Trump takes aim at WHO, ChinaEuropost
The US President Donald Trump announced on Friday that he would withdraw funding from the World Health Organization, end Hong Kong’s special trade status and suspend visas of Chinese graduate students suspected of conducting research on behalf of their government, news wires reported.
Trump has been expressing anger at the WHO for weeks over what he has portrayed as an inadequate response to the initial outbreak of the coronavirus in China’s Wuhan province late last year. The president said in a White House announcement that Chinese officials “ignored” their reporting obligations to the WHO and pressured the organization to mislead the public about an outbreak that has now killed more than 100,000 Americans.
“We have detailed the reforms that it must make and engaged with them directly, but they have refused to act,” the president said. “Because they have failed to make the requested and greatly needed reforms, we will be today terminating the relationship.”
The US is the largest source of financial support for the WHO, and its exit is expected to significantly weaken the organization. Trump said the US would be “redirecting” the money to “other worldwide and deserving urgent global public health needs,” without providing specifics. He noted that the U.S. contributes about $450m to the world body while China provides about $40m.
Congressional Democrats said in April, when the president first proposed withholding money from the WHO, that it would be illegal without approval from Congress and that they would challenge it. House Speaker Nancy Pelosi on Friday called the move “an act of extraordinary senselessness.”
Other critics of the administration’s decision to cut funding called it misguided, saying it would undermine an important institution that is leading vaccine development efforts and drug trials to address the COVID-19 outbreak. “Severing ties with the World Health Organization serves no logical purpose and makes finding a way out of this public health crisis dramatically more challenging,” said Dr. Patrice Harris, president of the American Medical Association.
The WHO declined to comment on the announcement. Officials of the UN agency have not directly addressed a letter that Trump sent to the general director on 18 May warning that he would make permanent a temporary freeze on US funding and reconsider U.S. membership unless it committed to “major substantive improvements within the next 30 days.”
At an event later Friday, asked about relations with China, Trump said the administration would begin eliminating the “full range” of agreements that had given Hong Kong a relationship with the US that mainland China lacked, including exemptions from controls on certain exports. He said the State Department would begin warning US citizens of the threat of surveillance and arrest when visiting the city. “China has replaced its promised formula of one country, two systems, with one country, one system,” he said.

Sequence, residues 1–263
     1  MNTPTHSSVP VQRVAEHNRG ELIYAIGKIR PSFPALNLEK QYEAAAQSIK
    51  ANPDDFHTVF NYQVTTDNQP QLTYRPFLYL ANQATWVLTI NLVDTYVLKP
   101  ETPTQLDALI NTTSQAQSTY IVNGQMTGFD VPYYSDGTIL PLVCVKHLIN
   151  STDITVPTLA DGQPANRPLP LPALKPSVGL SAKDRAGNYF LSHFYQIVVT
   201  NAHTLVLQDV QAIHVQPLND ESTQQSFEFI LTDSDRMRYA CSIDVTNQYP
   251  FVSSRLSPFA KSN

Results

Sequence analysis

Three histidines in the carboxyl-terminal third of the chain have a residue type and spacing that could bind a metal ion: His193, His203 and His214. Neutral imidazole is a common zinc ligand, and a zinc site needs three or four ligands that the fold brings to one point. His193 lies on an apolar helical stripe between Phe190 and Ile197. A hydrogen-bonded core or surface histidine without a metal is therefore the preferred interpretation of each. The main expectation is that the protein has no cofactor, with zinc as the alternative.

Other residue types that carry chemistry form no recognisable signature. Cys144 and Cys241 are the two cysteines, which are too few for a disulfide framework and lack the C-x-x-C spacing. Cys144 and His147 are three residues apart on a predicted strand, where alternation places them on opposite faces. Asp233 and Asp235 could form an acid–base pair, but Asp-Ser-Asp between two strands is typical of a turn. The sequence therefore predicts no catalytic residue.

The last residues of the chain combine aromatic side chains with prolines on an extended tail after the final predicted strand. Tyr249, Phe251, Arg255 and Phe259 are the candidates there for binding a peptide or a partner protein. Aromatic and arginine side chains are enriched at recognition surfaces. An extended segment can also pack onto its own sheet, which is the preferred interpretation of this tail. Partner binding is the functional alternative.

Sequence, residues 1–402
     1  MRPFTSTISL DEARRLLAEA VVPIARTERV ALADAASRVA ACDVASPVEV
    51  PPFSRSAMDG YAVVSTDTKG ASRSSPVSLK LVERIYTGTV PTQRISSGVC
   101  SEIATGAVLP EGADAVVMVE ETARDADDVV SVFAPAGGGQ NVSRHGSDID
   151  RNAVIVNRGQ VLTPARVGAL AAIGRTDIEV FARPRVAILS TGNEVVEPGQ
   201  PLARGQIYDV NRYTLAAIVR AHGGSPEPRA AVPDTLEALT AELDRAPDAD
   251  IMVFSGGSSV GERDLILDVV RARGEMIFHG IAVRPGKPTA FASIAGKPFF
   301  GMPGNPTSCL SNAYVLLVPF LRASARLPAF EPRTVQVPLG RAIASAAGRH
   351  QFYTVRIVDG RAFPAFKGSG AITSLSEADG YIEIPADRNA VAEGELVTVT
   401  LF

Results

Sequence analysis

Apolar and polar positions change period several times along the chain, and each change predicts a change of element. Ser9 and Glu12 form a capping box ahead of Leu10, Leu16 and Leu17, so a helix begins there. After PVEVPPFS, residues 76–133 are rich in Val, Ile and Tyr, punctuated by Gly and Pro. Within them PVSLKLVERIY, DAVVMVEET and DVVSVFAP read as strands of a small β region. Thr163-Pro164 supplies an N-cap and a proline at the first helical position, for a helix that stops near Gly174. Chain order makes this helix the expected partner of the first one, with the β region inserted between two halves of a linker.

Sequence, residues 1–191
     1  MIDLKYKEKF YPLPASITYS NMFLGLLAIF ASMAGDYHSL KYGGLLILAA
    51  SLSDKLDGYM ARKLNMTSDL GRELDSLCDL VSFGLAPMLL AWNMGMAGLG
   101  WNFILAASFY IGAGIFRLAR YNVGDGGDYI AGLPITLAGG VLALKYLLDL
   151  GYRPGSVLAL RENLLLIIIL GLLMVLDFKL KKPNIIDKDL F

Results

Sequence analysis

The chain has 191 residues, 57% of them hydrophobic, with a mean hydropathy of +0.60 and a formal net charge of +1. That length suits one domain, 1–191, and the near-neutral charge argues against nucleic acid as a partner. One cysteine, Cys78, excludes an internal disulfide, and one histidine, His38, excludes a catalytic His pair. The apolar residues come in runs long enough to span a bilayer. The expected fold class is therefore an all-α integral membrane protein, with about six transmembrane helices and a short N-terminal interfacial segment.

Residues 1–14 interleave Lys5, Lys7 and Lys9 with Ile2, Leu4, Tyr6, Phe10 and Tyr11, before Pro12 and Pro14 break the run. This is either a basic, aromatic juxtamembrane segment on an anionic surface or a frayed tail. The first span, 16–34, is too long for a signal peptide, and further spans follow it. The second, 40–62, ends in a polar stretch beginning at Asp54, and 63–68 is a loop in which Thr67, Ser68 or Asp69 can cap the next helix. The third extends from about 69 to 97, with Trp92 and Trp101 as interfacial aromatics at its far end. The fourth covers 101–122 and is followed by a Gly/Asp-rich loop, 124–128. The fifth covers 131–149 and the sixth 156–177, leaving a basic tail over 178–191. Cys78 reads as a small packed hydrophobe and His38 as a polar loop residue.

Tensions over Hong Kong have increased over the past year as China has cracked down on protesters a nd sought to exert more control over the former British territory.
Secretary of State Mike Pompeo notified Congress on Wednesday that Hong Kong is no longer deserving of the preferential trade and commercial status it has enjoyed from the US since it reverted to Chinese rule in 1997.
It’s not yet clear what impact the decision will have on US companies that operate in Hong Kong or on the city’s position as Asia’s major financial hub, or how China will react to the decision. “The downward spiral in the bilateral relationship has now reached lows not seen since the June 4, 1989, Tiananmen massacre, and there is little reason to expect things to get better soon,” said Dexter Tiff Roberts, an Asia expert at the Atlantic Council, which publishes nonpartisan policy analysis.
The president also said the US would be suspending entry of Chinese graduate students who are suspected of taking part in an extensive government campaign to acquire trade knowledge and academic research for the country’s military and industrial development. Allowing their continued entry to the country would be “detrimental to the interests of the United States,” Trump said in an order released after the White House announcement.
Revocation of the visas has faced opposition from US universities and scientific organizations that depend on tuition fees paid by Chinese students to offset other costs and fear possible reciprocal action from Beijing that could limit their access to China. The president’s order includes an exemptions for students whose work was not expected to benefit the Chinese military.
China seemed to signal in recent days that it was hoping to ease tensions. Premier Li Keqiang told reporters on Thursday that both countries stood to gain from cooperation and to lose from confrontation because their economies have become so interconnected.